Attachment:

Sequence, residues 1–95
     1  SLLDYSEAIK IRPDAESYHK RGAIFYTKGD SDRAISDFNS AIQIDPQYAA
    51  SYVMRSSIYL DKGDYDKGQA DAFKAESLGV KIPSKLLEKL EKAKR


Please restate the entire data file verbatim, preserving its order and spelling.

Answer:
Sequence, residues 1–95
     1  SLLDYSEAIK IRPDAESYHK RGAIFYTKGD SDRAISDFNS AIQIDPQYAA
    51  SYVMRSSIYL DKGDYDKGQA DAFKAESLGV KIPSKLLEKL EKAKR